The cam-shape of the metacarpal heads leads to relaxation of the collateral ligaments in extension, permitting adduction and abduction of the fingers. With flexion of the MCP joints, the collateral ligament becomes taut and acts to stabilize the fingers for power pinch and grip. Increased tension in the collateral ligaments with MCP flexion can be used by the clinician to stabilize the metacarpal head while reducing a metacarpal neck fracture and then to maintain stability through immobilization.
The volar aspects of the cross-sectional metacarpal closed V shape noted earlier are the site of origin for both dorsal and volar interossei muscles. These muscles are important deforming forces in metacarpal shaft fractures and, because of their volar positioning, contribute to angulation as well as foreshortening.
Joint congruency, collateral ligaments, and volar plate each act to provide stability to the MCP. The volar plate is a cartilaginous ligament on the volar aspect of each MCP joint. Volar plates are interconnected via the deep transverse intermetacarpal ligaments, which provide additional stability. The plates are thicker at their insertions on the proximal phalanges and weaker at their metacarpal origins.
The treatment of metacarpal fractures has few absolute contraindications. Most are amenable to either closed versus open reduction with internal versus external fixation or cast immobilization. However, placing internal fixation, such as miniplates or screws, in either infected or clean wounds that cannot be closed primarily is inadvisable. If internal fixation in this setting is planned, any soft tissue defects should be immediately reconstituted by means of soft tissue mobilization or transposition at the time of fixation.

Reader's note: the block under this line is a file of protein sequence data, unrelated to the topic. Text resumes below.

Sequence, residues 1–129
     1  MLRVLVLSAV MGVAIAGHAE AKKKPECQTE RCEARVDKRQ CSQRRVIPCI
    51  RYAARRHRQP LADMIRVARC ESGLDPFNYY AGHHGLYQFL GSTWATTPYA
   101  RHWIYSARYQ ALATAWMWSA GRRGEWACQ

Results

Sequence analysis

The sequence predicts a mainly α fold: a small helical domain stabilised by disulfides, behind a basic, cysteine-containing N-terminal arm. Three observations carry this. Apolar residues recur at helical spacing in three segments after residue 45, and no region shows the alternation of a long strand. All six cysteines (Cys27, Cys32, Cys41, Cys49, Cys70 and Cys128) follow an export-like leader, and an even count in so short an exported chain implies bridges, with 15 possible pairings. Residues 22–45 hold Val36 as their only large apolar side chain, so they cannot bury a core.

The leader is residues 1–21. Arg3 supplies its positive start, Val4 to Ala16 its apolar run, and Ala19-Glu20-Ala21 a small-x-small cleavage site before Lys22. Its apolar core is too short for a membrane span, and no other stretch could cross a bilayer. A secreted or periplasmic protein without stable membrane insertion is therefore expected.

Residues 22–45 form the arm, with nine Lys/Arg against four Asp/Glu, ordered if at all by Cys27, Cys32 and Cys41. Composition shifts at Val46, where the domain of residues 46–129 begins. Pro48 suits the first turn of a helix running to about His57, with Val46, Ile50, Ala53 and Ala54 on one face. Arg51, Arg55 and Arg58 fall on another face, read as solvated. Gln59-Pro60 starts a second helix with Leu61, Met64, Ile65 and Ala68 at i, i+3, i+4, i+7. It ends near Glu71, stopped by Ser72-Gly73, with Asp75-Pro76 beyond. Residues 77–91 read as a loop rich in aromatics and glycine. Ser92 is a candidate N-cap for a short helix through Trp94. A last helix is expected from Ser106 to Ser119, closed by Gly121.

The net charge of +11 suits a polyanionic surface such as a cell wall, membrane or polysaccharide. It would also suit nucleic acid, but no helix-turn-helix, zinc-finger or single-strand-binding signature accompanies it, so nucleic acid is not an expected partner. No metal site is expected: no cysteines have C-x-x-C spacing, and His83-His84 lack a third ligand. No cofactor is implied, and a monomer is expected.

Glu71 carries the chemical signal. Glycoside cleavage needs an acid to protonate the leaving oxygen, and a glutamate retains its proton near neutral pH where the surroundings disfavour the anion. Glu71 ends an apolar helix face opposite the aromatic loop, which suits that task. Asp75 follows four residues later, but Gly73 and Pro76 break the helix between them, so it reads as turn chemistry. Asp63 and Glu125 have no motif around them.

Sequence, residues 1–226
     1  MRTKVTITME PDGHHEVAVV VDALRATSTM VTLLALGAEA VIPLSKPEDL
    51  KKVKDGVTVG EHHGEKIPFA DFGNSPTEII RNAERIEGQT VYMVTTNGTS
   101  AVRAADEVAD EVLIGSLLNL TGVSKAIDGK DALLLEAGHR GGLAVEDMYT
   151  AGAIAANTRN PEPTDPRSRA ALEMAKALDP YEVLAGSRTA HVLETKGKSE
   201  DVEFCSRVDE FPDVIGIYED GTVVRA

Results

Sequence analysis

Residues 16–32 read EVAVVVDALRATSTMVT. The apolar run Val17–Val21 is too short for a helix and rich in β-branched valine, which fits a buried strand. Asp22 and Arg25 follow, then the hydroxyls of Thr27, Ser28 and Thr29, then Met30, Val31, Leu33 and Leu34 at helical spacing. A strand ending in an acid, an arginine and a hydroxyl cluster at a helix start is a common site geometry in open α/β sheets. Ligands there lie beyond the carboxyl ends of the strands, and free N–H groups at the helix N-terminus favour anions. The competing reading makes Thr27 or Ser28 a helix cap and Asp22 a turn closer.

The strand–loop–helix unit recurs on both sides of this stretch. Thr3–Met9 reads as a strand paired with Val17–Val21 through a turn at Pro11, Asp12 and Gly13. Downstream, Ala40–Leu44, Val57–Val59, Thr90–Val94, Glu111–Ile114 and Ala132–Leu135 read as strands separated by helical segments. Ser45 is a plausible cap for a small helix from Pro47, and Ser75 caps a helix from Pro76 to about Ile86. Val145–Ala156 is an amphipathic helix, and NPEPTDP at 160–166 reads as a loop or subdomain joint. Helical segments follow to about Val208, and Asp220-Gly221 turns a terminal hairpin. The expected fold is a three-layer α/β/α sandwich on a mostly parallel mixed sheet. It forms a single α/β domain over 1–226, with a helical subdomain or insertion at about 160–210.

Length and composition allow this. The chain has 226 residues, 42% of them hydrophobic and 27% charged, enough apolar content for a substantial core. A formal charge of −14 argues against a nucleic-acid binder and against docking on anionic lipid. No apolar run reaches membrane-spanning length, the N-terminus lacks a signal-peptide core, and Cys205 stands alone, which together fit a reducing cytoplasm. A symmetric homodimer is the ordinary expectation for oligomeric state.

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James Neal Long, MD, FACS Founder of Magnolia Plastic Surgery; Former Associate Professor of Plastic and Reconstructive Surgery, Division of Plastic Surgery, Children’s Hospital and Kirklin Clinics, University of Alabama at Birmingham School of Medicine; Section Chief of Plastic, Reconstructive, Hand, and Microsurgery, Birmingham Veterans Affairs Medical Center
James Neal Long, MD, FACS is a member of the following medical societies: Alpha Omega Alpha, American College of Surgeons, American Medical Association, American Society of Plastic Surgeons, Plastic Surgery Research Council, Sigma Xi, Southeastern Society of Plastic and Reconstructive Surgeons, Southeastern Surgical Congress
Disclosure: Nothing to disclose.
James A Chambers, MD, MPH Consulting Surgeon, Hand and Upper Extremity Service, Massachusetts General Hospital
James A Chambers, MD, MPH is a member of the following medical societies: American Society for Surgery of the Hand, American Society of Plastic Surgeons, American Society of Tropical Medicine and Hygiene, Special Operations Medical Association